Teaching chemistry and physics at an Early College high school for disadvantaged minorities.


By John Meyers. November 2015

I took the mechanics Modeling Workshop at Arizona State University (ASU) this last summer.  I teach at the South Mountain campus of AAEC Early College High School.  We are a Title 1 charter school that serves underprivileged students of the South Phoenix area.  Until this year we have never been able to offer a physics course for our students.  With a partial tuition scholarship from Salt River Project (SRP), I was able to take the mechanics Modeling Workshop, which gave me the necessary preparation to offer physics for the first time ever at our school.

So far it has been a great success.  I am teaching two full physics courses, in addition to my usual four sections of chemistry.  The students are engaging with the physics material in a meaningful manner and enjoying learning physics.

As the sole provider of a family of 5 (I’m married with three beautiful kids ages 4, 2 and 8 weeks) there is no way I could have afforded taking the Modeling Workshop at ASU without the scholarship I received.  I took numerous physics courses in my undergraduate degree program at ASU; however, I did not feel as though I could teach physics in an effective manner.  Having taken the chemistry modeling course (in 2012 as an undergraduate, for which I also received a needed tuition scholarship from SRP), I knew that the physics modeling course would help me obtain the skills and know-how to not only teach physics, but teach it using the most effective and well researched methodology out there.

Coming from the Roosevelt school district, most of my students have never taken a science course before they enroll at our school.  Traditionally this makes learning things like chemistry and physics extremely difficult for them, since they don’t have the background knowledge and experience in science that most students have.  However, since I’ve come here to AAEC, my principal has noted a complete 180 when it comes to our students’ experience with chemistry and now physics.  They used to struggle in chemistry, learn to hate it — and the vast majority of students failed the course.  Now our students, with my arrival at this school and through using Modeling Instruction, enjoy chemistry and are successful in the course, with the vast majority of students passing the course.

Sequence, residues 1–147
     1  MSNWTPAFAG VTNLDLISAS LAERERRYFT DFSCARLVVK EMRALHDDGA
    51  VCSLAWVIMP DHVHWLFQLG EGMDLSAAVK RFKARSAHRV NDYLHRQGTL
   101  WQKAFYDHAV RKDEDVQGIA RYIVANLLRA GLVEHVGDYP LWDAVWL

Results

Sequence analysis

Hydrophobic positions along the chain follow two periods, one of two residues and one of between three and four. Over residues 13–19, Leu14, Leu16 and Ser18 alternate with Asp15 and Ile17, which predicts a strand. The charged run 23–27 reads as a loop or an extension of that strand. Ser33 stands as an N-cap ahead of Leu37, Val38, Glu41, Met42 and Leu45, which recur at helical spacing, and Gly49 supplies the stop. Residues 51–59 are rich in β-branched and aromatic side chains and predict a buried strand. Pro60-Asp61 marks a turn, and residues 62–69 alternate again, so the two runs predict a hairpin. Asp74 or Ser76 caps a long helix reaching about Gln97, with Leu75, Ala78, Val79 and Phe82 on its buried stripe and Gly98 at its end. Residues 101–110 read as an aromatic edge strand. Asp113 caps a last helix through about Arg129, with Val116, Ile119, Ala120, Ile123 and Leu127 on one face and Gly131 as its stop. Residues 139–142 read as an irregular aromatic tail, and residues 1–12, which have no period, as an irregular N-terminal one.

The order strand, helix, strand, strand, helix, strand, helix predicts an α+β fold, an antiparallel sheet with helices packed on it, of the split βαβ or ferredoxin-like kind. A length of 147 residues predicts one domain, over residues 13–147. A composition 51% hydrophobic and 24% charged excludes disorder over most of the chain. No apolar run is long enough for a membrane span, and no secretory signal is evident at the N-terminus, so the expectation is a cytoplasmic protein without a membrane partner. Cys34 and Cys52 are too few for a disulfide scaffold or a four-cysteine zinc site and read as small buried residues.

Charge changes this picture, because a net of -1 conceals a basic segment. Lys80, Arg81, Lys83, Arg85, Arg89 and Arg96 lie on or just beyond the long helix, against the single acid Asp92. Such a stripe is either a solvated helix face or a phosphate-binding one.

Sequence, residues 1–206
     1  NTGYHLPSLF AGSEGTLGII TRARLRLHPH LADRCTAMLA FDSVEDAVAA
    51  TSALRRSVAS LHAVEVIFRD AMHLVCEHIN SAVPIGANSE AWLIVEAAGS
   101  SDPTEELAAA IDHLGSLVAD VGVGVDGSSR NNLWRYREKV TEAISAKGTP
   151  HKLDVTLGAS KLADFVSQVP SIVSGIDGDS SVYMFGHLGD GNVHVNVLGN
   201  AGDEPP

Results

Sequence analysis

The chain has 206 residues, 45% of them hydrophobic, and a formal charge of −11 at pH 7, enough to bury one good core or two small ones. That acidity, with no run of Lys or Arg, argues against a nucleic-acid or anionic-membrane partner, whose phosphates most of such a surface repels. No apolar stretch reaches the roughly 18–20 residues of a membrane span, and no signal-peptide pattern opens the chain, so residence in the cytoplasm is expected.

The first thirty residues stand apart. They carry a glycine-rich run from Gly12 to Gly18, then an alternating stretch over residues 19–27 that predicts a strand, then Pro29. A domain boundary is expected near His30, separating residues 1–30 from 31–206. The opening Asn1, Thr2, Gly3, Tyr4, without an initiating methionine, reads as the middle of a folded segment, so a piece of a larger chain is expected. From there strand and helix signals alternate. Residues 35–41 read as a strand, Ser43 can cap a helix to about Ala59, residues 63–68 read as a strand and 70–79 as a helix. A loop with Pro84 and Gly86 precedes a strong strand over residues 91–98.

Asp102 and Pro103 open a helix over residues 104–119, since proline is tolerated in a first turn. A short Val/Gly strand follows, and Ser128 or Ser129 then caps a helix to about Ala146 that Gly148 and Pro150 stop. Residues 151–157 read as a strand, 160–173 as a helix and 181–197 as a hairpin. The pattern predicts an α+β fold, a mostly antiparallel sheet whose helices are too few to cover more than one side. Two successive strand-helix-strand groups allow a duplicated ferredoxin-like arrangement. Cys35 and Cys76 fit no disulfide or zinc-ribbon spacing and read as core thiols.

I am seeing the same thing this year in physics.  In both classes the students construct their own understanding of science concepts by actually doing science experiments and learning the necessary principles from their results.  They engage with each other in whiteboarding sessions and further explore the scientific models and principles through these discussions.  They have to work hard to overcome the disadvantage they come in with, but now they have the opportunity to actually succeed, and they are doing it.

Several students who took my chemistry course are now in CHM 151 (general chemistry) at the community college, and all of them are doing extremely well. (We have a relationship with the community college whereby we pay for our students to take college courses while they are still in high school; we end up paying for somewhere between 70% to 80% of our students’ associates degree if they finish it while still in high school.) These students have come back and told me that they find the CHM 151 course easy after taking my class.  This is completely different than before I came, when teachers taught traditionally; our students used to really struggle in CHM 151 under our previous instructors.  Modeling Instruction is working with my students at my school!

Our school was rated this year by Newsweek magazine as the 82nd best high school in the nation serving low income students and the second best in Arizona. I would like to think that my addition helped with that, since this is the first year we’ve had this rating.


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